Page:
“The Spirit Sent for You.”
When the Advocate comes, whom I will send to you from the Father, the Spirit of truth who comes from the Father, he will testify on my behalf. –John 15:26
During these pandemic days of isolation, I often remind our congregation that we are united in the bond of the Spirit, as in the Holy Spirit—the Spirit of God that dwells within each of us. This isn’t a cosmic abstraction reserved for the meditatively minded; it’s a truth given to all of us by the risen Christ that “intercedes with sighs too deep for words” (Romans 8:26) when we can’t summon the motivation to even pray. When we hit low points in these months that threaten us with sadness and even depression, the Spirit intercedes to say, “I’ve got you…all of you.”
In John’s gospel, Jesus calls the Spirit the Advocate. Other translations call it the Paraclete, derived from the Greek word παράκλητος (paraklētos), meaning “to walk alongside,” or, in the context of a legal defender, “to plead one’s case.” The Common English Bible translates it as the Companion, stressing the intimate comfort the Spirit provides. It gives me steadfast hope beyond momentary assurance knowing 1) that there are so many different translations of one word for the Holy Spirit, each of which try to capture the essence of its meaning for us, and 2) that the English language—or any language for that matter—cannot adequately convey the breadth and the depth of this gift of freely accessible truth that Jesus extends to us from God.
I share this reflection hoping that it might provide renewed insight as to the nature of the Advocate dwelling within each of us, but also to point out that it’s not an individually bestowed blessing. When Jesus says, “I will send to you,” the “you” is not any one person. He didn’t point to Peter and say, “This gift is yours and yours alone.” He offered it as a means of advocacy and comfort for those who followed him and who follow him. As the Spirit rested on Christ, so, too, the gift of that Spirit rests upon the body of Christ we call the church. And as we say, especially during a pandemic that has kept us physically distanced for over ten months now, the church is not the building, it is the people…all of the people.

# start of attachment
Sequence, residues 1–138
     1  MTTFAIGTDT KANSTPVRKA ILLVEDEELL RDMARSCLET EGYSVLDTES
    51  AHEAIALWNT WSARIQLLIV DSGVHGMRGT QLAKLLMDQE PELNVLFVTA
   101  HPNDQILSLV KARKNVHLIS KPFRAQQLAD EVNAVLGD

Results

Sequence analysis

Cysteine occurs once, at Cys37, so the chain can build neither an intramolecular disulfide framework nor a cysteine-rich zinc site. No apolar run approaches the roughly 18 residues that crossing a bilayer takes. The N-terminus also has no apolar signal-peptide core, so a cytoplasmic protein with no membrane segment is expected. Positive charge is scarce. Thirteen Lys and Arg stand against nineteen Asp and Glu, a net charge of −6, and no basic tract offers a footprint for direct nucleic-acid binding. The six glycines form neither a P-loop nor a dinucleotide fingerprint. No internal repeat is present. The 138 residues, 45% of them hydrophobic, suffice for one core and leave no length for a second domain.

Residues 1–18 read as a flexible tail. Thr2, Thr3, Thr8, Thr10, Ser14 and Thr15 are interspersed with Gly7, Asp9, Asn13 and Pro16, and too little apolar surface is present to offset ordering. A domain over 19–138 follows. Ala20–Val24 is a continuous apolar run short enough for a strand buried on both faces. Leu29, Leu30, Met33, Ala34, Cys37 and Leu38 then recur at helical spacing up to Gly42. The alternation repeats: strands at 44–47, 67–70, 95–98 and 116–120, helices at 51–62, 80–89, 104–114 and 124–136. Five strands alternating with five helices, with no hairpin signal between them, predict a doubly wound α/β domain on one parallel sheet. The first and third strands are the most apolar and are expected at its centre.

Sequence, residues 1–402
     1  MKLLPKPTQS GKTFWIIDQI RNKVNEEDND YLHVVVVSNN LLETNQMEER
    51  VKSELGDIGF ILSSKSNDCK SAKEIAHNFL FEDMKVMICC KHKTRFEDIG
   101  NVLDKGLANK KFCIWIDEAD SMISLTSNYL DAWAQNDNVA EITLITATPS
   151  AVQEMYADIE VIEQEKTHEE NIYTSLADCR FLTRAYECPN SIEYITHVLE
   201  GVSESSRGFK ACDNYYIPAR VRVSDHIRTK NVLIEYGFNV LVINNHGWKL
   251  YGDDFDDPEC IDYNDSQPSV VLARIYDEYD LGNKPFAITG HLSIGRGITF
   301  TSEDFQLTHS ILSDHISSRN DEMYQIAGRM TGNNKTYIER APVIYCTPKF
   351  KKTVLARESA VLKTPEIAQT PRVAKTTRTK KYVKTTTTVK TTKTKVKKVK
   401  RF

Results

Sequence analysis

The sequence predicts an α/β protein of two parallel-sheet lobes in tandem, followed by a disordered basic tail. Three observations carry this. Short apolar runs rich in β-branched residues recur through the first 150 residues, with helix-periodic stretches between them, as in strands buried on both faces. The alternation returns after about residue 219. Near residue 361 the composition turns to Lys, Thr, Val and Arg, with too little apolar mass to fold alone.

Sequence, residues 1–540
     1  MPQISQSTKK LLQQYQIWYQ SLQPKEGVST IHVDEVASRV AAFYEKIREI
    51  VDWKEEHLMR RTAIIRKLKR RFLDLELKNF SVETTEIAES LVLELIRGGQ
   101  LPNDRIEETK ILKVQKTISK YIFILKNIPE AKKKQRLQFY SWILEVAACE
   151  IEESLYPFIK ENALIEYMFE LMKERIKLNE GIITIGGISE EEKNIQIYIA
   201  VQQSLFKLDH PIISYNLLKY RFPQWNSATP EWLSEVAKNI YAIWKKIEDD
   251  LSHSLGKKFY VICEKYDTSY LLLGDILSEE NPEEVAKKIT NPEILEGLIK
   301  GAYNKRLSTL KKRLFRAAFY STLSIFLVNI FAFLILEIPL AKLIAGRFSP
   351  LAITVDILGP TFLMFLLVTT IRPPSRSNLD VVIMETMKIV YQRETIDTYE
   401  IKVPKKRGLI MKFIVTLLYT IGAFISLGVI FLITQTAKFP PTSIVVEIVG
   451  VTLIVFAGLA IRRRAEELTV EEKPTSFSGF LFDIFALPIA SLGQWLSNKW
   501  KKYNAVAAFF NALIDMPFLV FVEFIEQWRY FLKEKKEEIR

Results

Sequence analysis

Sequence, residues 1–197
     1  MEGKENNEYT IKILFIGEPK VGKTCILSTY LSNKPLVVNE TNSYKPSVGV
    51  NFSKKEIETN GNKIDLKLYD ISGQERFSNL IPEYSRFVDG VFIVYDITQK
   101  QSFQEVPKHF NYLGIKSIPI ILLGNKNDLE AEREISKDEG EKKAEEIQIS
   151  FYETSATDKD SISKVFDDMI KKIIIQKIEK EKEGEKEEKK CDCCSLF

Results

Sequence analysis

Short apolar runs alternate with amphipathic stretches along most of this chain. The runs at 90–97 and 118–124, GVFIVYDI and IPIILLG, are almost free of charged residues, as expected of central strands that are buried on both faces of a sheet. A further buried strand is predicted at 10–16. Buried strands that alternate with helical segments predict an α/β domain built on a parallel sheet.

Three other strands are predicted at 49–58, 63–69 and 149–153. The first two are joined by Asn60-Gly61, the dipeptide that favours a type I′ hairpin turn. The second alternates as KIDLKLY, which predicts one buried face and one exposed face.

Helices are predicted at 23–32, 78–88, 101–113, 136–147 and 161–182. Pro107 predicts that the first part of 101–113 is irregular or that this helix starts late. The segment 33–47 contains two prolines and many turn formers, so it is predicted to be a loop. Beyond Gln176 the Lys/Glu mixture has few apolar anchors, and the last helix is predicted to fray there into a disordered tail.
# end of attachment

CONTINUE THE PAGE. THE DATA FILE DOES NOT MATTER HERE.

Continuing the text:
So, the next time you are feeling lonely; the next time the weight of your yearning for physically-gathered community makes you want to scream; the next time you walk out of the grocery store, get in your car and rip off your mask like you just finished a disappointing surgery on Grey’s Anatomy (thanks, Sophia Cadogan), breathe deeply and hold it in for a moment knowing that your lungs are filled with the breath of God, and then breath out, be still, and know that you are not alone, that you are never alone, and that the Spirit that advocates for me, consoles me and comforts me is the same Spirit that does the same for you at that very moment. And do this knowing that this Spirit, this Advocate, this Paraclete and Companion will keep us bound to one another by never letting either of us go.